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On 1 November, BBC Two's flagship medical show focuses on two areas of research at the Department of Psychiatry. Find out more about the research here.

Trust me im a doctor mental health special

The full programme 'Trust Me I'm a Doctor: Mental Health Special' will be available shortly after broadcast, 1 Nov 2017, 9pm.

'Psychosis caused by an immune disorder'. Watch the clip here:

Professor Belinda Lennox's work can be explained more in this article about the findings in a Lancet Psychiatry paper: 'New study finds antibodies that may be the cause of schizophrenia in some patients'.

Read: Daily Mail - 'Hope of treating schizophrenia by tackling immune system 

For further information about research into Antibody Mediated Research please visit 
www.antibodymediatedpsychosis.org/ produced by the McPin Foundation.

 

The influence of sleep on mood and mistrustful thoughts:

To find out more about research about sleep see this article: 'Treating insomnia may reduce mental health problems' 

Read: BBC online: 'Just a few bad night's of bad sleep upsets your brain' by Dr Michael Mosley

For tips on how to sleep better see our Top Ten Tips on sleep.

Doctoral student Sarah Reeve, featured in the Mental Health Special,  has also written this special blog:

Insomnia has traditionally been thought of as a consequence of mental health problems such as psychosis and schizophrenia.

By Sarah Reeve

Sleep problems are extremely common among people with psychosis, and there is some evidence that they occur prior to psychotic symptoms themselves. Therefore there is a possibility that insomnia may contribute to the emergence of symptoms like paranoia and hallucinations.

A new study published in Schizophrenia Bulletin directly tested this causal role for insomnia in psychosis. Sixty -eight non-clinical volunteers who slept well were asked to restrict their sleep down to just four hours a night for three nights, in order to simulate some of the impact of insomnia. Paranoia, hallucinations, depression, anxiety, memory, and a range of other psychological factors were assessed online before and after the sleep restriction, and also before and after a week of normal sleep.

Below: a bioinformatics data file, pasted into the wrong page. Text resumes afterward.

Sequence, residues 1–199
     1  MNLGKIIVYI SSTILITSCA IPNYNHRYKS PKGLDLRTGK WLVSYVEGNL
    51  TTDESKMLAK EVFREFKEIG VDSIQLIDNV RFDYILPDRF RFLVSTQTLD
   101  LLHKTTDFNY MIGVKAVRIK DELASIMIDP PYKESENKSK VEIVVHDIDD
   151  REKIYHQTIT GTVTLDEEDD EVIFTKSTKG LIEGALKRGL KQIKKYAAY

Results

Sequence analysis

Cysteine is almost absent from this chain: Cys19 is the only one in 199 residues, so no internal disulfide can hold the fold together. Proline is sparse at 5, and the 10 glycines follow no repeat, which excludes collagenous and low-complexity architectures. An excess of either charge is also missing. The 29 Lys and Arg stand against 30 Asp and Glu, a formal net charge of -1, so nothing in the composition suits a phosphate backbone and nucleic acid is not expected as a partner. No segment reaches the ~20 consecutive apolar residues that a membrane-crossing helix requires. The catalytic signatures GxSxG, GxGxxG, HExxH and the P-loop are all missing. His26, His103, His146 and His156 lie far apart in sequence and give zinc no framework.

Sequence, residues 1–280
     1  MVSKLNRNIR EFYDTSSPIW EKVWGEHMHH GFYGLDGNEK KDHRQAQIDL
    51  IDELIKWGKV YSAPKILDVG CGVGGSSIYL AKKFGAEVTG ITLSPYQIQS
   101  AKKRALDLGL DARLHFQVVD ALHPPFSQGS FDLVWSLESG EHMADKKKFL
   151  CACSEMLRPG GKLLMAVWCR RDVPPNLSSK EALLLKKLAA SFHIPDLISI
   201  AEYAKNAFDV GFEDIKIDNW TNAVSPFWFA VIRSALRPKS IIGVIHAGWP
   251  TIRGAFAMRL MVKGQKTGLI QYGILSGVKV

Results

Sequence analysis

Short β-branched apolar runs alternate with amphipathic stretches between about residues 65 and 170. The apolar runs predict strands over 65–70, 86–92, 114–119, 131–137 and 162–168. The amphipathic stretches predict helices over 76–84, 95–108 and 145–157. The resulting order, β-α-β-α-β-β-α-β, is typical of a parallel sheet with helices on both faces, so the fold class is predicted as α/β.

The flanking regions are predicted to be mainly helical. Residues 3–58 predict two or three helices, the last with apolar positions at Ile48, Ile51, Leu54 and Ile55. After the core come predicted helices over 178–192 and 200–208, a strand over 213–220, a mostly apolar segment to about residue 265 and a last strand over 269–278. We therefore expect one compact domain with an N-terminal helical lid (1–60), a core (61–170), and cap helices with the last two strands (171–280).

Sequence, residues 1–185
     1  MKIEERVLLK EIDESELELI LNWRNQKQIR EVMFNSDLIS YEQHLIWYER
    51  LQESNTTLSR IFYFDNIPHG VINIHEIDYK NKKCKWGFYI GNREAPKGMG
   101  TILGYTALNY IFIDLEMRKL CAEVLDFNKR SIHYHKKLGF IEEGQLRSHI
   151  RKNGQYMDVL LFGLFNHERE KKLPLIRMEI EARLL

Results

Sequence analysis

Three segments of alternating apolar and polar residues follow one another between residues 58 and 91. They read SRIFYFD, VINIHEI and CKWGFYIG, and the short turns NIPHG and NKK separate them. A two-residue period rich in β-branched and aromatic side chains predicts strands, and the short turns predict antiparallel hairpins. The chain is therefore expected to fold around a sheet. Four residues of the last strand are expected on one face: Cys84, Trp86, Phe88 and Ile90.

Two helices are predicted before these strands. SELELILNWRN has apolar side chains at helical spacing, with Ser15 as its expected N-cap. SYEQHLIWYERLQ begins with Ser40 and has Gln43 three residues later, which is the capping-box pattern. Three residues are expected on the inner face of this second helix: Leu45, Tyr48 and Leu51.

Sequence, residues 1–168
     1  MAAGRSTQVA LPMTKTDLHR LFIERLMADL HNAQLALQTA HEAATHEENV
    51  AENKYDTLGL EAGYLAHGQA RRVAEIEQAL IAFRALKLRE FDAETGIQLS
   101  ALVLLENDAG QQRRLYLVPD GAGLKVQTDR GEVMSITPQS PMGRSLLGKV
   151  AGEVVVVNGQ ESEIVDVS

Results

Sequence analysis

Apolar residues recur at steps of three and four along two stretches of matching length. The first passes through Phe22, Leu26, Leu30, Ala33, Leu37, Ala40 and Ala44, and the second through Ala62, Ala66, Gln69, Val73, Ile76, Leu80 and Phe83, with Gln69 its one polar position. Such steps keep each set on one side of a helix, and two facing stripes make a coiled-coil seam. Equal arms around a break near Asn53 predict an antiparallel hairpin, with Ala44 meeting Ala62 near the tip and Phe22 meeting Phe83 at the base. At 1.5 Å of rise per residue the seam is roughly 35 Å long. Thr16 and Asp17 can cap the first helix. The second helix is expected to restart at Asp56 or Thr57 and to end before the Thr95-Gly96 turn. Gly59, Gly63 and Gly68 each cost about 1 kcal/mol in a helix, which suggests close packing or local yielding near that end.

The volunteers went about their normal activities in the day even while they were getting less sleep, further increasing the realism of the simulation to people’s actual experiences of insomnia. Their sleep was also monitored remotely in order to check that they were sleeping less as asked.

The results showed that, while all symptoms remained extremely mild, even this amount of sleep loss led to significant increases in sub-clinical paranoia and hallucinations. Increases in depression, anxiety, and memory deficits were also found. Further analysis demonstrated that the increases in depression and anxiety following sleep loss were responsible to the increases in paranoia, but less strongly linked with the increases in hallucinations.

The study clearly demonstrates that insomnia itself can contribute to the development of symptoms like paranoia and hallucinations. This improves our understanding of the causes of psychotic symptoms, but also indicates that by treating insomnia, this may improve psychosis.